Community Living

Community Living

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Written by: 
Published:
October 24, 2019

The past couple of weeks have certainly been eventful ones for our church. Thinking about the discussion of women’s ordination that took place and the ramifications of the differences in belief, I was reminded of the religio-political discussion of same-sex marriage in our country and all of its attenuated issues. I have certainly been outspoken in this space about my views on same sex marriage and the negative ramifications of the dominant Christian perspective on this issue. I do not want to rehash those arguments. However, that issue is useful as a backdrop and point of comparison and can help to illuminate what I think is the problem at the root of the religious and political divisions we experience in our nation and our church.

The interesting and tenuous aspect of the democratic experiment is based in the idea that control is not the only major goal of the polity. In addition to having rules and laws that control the actions of people and allow us to live in harmony together, we also are interested in granting freedom to the individual so they might pursue happiness, as the founders said in the Declaration of Independence. In order to do that, we have to allow things that some of us in society disagree with. I am a believer in the rules promulgated in the Bible. Therefore, I believe that fornication is a sin. I do not think that anyone should have sex before marriage. Now I can do one of two things with this principled position. I could try my hardest to criminalize fornication because I am personally offended that fornication occurs in our society. I could do that – except that action is not in line with the principles of the society that we created. Instead of doing that, we as a society believe that even though you do not agree with me about fornication, you have the right to pursue happiness according to the dictates of your conscience. So we will not criminalize fornication because you deserve to live as you decide.

As a society we draw the line when your pursuit of happiness intrudes in a fundamental way on my pursuit. If your pursuit of happiness leads you to harm me, society cannot explain away the violation to my pursuit of happiness. So when it comes to same sex marriage, those who object have a hard time arguing that allowing two people of the same sex to marry somehow hampers their pursuit of happiness within themselves. Despite the fact that those who oppose same-sex marriage would want to prohibit it, we should not let them, because if they can prohibit some people’s freedom to pursue happiness, they can prohibit yours as well. The point is not to license sin or bad behavior. The point is that we have to live in community with one another, despite the fact that we come from different places, have different histories, and live according to different ethical systems. The history of this nation is the history of the expansion of our capability to live in community with one another. And as far as we have to go on that mission, I am proud of this nation’s history in that regard.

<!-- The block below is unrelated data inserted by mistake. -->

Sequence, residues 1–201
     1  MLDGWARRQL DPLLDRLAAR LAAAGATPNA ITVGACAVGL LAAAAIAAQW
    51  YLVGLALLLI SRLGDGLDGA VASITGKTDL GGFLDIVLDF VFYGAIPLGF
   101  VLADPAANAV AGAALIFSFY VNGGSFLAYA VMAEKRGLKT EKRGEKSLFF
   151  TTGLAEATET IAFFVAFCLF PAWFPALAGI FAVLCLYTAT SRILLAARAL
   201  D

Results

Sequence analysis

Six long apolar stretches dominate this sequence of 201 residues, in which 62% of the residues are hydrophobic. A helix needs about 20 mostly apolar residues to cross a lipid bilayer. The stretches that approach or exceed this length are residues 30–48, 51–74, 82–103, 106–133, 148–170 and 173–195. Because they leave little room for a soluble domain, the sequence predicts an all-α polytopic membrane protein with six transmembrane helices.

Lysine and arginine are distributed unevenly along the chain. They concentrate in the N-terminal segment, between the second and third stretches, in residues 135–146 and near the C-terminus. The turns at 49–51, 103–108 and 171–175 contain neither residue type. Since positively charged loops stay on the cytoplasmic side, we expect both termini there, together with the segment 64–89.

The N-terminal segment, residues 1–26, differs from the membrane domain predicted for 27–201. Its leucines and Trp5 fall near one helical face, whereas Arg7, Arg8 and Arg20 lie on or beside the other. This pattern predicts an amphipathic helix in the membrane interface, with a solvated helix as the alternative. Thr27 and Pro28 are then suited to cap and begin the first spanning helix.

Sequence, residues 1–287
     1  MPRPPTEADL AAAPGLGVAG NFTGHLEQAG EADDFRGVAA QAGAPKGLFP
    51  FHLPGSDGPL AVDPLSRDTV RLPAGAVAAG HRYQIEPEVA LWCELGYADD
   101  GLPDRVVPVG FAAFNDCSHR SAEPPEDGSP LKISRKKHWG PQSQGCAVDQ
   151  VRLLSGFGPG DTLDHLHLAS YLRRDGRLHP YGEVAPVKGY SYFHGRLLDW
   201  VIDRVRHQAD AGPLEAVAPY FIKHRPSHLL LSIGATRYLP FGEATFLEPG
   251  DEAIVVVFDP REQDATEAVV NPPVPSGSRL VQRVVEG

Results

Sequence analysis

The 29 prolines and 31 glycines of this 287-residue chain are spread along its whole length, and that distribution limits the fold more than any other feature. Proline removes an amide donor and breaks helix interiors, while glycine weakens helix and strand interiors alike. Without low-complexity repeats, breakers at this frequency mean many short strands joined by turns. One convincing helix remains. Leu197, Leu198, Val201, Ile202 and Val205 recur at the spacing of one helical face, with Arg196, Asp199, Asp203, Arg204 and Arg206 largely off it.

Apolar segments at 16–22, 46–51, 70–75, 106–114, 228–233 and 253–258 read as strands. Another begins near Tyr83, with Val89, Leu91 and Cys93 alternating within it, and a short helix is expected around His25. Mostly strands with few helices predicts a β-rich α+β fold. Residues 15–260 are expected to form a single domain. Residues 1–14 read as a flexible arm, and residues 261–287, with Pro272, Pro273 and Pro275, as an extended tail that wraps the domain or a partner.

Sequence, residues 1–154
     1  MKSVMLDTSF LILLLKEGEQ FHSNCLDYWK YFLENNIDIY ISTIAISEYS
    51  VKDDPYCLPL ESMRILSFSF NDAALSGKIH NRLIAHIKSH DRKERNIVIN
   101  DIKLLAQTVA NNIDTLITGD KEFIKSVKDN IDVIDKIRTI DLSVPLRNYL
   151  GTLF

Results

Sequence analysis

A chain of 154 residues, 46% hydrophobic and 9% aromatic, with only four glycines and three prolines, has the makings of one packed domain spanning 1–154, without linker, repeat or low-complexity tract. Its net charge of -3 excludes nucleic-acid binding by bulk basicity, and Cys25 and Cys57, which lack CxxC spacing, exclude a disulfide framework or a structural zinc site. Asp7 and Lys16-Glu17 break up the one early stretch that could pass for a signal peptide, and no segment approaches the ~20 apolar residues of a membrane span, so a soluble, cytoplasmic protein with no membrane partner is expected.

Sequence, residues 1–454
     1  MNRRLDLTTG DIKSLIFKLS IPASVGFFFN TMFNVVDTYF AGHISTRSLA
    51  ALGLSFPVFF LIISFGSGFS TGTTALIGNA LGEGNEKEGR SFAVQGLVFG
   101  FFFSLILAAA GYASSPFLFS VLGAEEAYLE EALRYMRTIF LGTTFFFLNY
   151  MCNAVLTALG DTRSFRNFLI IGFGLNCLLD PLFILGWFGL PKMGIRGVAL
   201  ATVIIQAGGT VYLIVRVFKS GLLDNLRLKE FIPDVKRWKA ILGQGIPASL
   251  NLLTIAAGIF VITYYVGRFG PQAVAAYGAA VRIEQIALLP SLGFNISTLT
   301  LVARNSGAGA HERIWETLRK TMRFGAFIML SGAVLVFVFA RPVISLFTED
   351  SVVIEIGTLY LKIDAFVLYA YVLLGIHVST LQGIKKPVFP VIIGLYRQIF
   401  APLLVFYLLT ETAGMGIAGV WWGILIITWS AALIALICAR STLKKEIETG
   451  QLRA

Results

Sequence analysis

Interestingly enough, the history of the Christian church is eerily familiar. The Books from Acts to Revelation (the New Testament with the exception of the Gospels) is the story of a movement that is attempting to build a community. In the same way as the American democratic experiment, we see the church grow and expand in order to accommodate groups that are not the same as the main group that started the church. In Acts 15 the early church was faced with a decision. Would they require people who had a different view of morality to live according to the dictates of the Jewish faith, or would they relax the rules for these Gentiles? The church leadership decided to relax the rules to let the Gentiles to live according to an ethical code that even they disagreed with, in order to protect the community. Our unwillingness to follow the early church’s example continues to confound me. The early church founders had a much clearer “Thus saith the Lord,” on dietary restrictions than we could ever have on the ordination of women, and yet we are the ones who seem so unmovable on a gender issue that is truly of our own making. This is compounded by the fact that, if the events of the last week or so have shown us anything, it has only laid bare that sexism appears to be the motivating factor in this dispute. How unfortunate it is that it would be the leadership of this faith that would find themselves unwilling to allow us to live in community with one another. It seems we suffer from the same problem that plagued the Pharisees – we believe that unity means uniformity and that a community cannot survive unless we all are doing the same thing.

My wish and prayer today for my nation and the church is the same – that we can allow people to take the paths that they choose to take. That people are free to wrestle with their hopes, their dreams, their sins, and their gods, without being made to feel that they somehow are less than human, or less than welcome. My wish and prayer for my nation and my church is that we can finally create a community based on freedom and love, whether provided by a government or God.

 

Jason Hines is a former attorney with a doctorate in Religion, Politics, and Society from the J.M. Dawson Institute of Church-State Studies at Baylor University. He is also an assistant professor at AdventHealth University. He blogs about religious liberty and other issues at www.TheHinesight.Blogspot.com.

Previous Spectrum columns by Jason Hines can be found at: https://spectrummagazine.org/author/jason-hines 

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